This weekend marks the 13th anniversary of the Senators and Flyers matchup that set an NHL record for the most penalty minutes in one game: 419. That's not a typo. Both Ottawa and Philadelphia combined for four-hundred and nineteen minutes worth of infractions. It eclipsed the previous mark (406) set by the Bruins and North Stars in 1981.
To reflect back on that bruising, record-setting game, VICE Sports caught up with some of the players involved to try to make sense of what happened on that raucous night in Philly.
There was bad blood brewing between the two teams heading into the game. In their last encounter, just over a week earlier, Ottawa's Martin Havlat high-sticked Philadelphia's Mark Recchi in the face. In the aftermath, Flyers head coach, Ken Hitchcock, fanned the flames in the postgame comments. "Someday someone's going to make him [Havlat] eat his lunch...This is something in my opinion that the players should take care of," he said. Havlat was later suspended for two games but was back in the lineup when the Senators were taking on the Flyers at the Wachovia Center.
Shaun Van Allen, played for the Senators from 1996 to 2000. He returned to Ottawa in 2002 as a free agent and finished his NHL career there: Back then, always going into Philadelphia was a challenge and they've always been known to be a big physical team. We were never looked at as being anything more than a skilled team, but it was a good rivalry, they were a good team, we were a good team.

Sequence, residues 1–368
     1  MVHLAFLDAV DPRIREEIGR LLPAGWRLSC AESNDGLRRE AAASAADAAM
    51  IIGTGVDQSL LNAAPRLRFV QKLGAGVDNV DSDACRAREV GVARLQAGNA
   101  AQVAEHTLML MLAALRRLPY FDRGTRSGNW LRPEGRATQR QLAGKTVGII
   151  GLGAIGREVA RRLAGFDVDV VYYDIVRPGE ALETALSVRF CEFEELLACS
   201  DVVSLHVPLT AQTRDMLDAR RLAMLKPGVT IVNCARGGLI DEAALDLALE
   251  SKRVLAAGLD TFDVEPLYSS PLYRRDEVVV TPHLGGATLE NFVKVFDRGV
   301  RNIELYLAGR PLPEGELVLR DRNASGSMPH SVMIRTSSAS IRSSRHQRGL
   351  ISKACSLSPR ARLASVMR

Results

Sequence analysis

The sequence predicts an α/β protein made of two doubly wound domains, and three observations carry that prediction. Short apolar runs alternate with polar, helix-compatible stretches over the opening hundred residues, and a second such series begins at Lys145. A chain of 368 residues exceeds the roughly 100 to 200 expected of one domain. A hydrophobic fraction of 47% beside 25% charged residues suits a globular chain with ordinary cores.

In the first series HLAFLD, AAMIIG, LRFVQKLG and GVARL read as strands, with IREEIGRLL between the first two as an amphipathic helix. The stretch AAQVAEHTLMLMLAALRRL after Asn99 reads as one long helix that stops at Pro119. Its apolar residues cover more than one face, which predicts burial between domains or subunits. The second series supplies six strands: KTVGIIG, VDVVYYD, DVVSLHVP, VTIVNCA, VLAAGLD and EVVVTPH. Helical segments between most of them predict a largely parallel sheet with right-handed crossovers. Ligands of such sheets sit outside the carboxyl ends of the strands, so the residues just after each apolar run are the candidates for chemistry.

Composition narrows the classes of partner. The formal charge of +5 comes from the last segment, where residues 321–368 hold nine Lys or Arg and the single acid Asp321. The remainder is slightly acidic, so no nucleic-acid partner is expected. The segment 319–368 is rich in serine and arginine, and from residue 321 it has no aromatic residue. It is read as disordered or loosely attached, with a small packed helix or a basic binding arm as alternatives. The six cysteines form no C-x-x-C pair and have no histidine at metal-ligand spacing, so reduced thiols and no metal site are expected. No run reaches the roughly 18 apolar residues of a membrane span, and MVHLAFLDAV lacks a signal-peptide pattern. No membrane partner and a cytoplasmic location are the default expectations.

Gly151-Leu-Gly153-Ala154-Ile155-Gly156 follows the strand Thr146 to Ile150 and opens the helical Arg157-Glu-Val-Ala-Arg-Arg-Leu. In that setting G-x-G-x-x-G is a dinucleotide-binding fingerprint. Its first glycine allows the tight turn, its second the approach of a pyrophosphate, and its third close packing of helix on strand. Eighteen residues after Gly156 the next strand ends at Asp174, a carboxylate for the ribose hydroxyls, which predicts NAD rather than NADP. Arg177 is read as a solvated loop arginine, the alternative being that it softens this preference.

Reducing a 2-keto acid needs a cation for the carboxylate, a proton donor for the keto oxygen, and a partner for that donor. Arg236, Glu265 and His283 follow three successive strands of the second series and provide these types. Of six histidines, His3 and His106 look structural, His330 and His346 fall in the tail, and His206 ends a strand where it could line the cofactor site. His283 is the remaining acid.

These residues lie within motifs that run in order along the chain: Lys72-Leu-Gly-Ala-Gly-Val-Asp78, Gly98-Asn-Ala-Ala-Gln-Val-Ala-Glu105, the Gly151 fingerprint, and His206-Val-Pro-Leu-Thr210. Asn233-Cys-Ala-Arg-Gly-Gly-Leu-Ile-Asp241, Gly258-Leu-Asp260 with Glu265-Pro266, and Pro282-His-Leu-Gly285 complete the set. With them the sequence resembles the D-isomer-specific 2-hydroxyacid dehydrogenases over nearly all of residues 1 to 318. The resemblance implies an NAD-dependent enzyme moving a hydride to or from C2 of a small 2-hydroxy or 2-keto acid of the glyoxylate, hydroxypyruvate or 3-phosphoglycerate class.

Danny Markov, played 34 games for the Flyers in 2003-04. Overshadowed by the fisticuffs that night was that Markov had actually scored the 10,000th goal in Flyers history, making Philadelphia the first expansion club to reach the milestone: In Philly we had a group of guys that were tough mentally and would play for each other. Whatever happened on the ice, we stuck together, and we had enough characters in the dressing room and on the team.
Rob Ray, played 11 games with Ottawa from 2003 to 2004. Prior to joining the Senators, he played 14 seasons with the Sabres, where he is still the all-time franchise leader in penalty minutes (3,198). He's currently a colour analyst for the Buffalo Sabres: I had not been there long enough to know what was going on, or anything about it. When I played I never really thought about what happened in the past, you just kind of have to live in the moment. I was going into it as an innocent bystander who got caught up in a mess.
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